Narbonne hold silent march for Jerry Collins

Late All Black great Jerry Collins’ tragic death in a car crash on Friday was marked by a silent march by around 1500 people in the southern French city of Narbonne, whose rugby team he played rugby for, on Sunday.

Collins, 34 and his partner Alana Madill died instantly on Friday in the crash in southern France and their baby daughter Ayla is in a critical but stable condition in hospital.

The marchers — which included Collins’s cousin and fellow All Black now Toulon star Chris Masoe among their number as well as some of his Narbonne team-mates — walked in silence behind a giant photograph of the 48-times capped flanker along with his girlfriend and daughter.

Masoe was asked to say a few words and with his voice choked with emotion was only able to say “Thank you to everybody.” Many of his fellow mourners preferred to keep their thoughts to themselves rather than speak to the assembled media.

Lots of those present were dressed in the second tier club’s colours of orange and black with some laying bouquets of flowers at the base of the photograph which was placed outside the club stadium.

Known as the ‘human wrecking ball’ Collins played the game with a smile on his face. Numerous tributes have been paid to him since the accident that saw a bus crash into his stationary car near Beziers.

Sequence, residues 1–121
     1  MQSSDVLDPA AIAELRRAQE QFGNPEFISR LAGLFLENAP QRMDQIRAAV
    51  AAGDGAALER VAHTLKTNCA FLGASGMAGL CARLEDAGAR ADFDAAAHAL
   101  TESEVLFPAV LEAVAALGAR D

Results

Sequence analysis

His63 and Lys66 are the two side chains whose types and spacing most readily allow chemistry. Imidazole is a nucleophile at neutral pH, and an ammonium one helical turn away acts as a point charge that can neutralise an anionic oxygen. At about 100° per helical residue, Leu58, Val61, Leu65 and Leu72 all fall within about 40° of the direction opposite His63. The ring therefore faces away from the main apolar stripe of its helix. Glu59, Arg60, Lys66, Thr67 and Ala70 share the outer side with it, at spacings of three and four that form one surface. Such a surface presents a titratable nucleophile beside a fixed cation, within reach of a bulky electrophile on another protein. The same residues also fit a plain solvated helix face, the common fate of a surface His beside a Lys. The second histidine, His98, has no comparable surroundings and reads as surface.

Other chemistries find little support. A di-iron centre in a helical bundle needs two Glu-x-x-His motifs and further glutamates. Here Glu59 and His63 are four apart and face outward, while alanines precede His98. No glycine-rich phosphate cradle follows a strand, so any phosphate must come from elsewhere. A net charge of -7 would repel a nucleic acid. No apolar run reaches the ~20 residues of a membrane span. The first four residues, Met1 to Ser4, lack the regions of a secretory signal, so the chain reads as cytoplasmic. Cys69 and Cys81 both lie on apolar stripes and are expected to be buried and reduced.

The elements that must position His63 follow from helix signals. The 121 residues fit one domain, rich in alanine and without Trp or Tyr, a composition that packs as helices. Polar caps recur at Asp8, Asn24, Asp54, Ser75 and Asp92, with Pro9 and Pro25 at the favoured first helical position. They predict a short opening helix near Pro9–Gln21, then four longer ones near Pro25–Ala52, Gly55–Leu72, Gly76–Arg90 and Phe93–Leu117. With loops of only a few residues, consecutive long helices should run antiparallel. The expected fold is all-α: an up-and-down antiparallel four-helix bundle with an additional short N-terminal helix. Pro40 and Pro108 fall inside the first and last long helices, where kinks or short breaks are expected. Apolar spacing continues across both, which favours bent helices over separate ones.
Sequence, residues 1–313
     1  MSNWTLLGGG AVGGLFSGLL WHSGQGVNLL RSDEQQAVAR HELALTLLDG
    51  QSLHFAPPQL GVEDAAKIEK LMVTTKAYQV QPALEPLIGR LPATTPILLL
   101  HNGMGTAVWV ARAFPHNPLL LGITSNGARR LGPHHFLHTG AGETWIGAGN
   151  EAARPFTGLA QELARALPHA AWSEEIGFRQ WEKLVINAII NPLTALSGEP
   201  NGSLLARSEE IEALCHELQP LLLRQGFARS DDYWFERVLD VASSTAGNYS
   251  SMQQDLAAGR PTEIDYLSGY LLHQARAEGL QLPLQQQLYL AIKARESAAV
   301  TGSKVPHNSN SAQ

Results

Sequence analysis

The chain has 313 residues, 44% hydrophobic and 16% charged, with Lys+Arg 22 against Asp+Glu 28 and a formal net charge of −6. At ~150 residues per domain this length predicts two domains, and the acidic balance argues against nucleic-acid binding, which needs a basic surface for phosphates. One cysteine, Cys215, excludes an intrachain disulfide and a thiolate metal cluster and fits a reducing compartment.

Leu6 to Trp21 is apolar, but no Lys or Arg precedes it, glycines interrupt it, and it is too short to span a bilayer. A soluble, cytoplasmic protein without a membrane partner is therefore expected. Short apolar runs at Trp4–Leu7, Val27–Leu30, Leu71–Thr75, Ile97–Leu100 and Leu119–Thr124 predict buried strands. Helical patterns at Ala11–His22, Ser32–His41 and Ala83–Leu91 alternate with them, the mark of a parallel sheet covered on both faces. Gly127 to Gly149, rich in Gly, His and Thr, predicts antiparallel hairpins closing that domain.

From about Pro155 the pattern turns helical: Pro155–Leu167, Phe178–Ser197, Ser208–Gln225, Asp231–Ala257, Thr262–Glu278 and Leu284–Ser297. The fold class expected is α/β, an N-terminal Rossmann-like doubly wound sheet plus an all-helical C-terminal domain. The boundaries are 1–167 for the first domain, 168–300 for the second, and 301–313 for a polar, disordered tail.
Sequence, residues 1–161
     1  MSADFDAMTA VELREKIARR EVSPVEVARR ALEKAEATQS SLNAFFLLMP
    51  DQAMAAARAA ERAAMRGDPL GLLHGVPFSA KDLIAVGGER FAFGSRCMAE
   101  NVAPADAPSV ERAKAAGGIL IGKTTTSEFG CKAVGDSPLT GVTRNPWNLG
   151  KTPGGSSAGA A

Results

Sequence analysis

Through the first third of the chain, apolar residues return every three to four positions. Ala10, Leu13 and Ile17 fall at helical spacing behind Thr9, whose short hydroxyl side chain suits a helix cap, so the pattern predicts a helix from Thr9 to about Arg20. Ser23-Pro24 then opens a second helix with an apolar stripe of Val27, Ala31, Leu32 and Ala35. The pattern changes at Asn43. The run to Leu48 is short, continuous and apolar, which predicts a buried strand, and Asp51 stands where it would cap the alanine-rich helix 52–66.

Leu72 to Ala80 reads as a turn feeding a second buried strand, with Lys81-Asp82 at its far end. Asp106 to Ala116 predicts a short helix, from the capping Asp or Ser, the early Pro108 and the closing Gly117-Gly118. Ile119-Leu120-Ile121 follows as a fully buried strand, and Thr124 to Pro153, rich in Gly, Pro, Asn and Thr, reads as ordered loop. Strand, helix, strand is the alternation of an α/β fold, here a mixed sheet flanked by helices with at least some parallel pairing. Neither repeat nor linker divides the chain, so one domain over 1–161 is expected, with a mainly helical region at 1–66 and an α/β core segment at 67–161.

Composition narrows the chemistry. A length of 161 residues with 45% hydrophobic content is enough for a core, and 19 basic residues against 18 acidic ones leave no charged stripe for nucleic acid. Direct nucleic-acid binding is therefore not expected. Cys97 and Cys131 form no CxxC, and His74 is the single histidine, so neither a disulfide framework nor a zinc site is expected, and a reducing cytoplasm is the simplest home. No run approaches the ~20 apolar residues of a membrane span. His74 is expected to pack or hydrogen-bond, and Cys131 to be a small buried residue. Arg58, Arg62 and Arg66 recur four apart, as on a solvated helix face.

On Friday his former team-mates at three-time European champions Toulon wore black armbands during the 33-16 French championship semi-final loss to Stade Francais — which was preceded by a minute’s silence — while their backrow forward Masoe dyed his hair peroxide blond like Collins did for a “pint of Guinness” look.

Masoe himself also wore a message on an improvised wristband reading; “RIP JC – Love you brother.”

On Saturday at Perpignan a match that was due to be a testimonial match for Samoan Henry Tuilagi, who is retiring after eight seasons with the historic French club, was turned into a tribute to the late flanker with all the ticket receipts going to Collins’s family.

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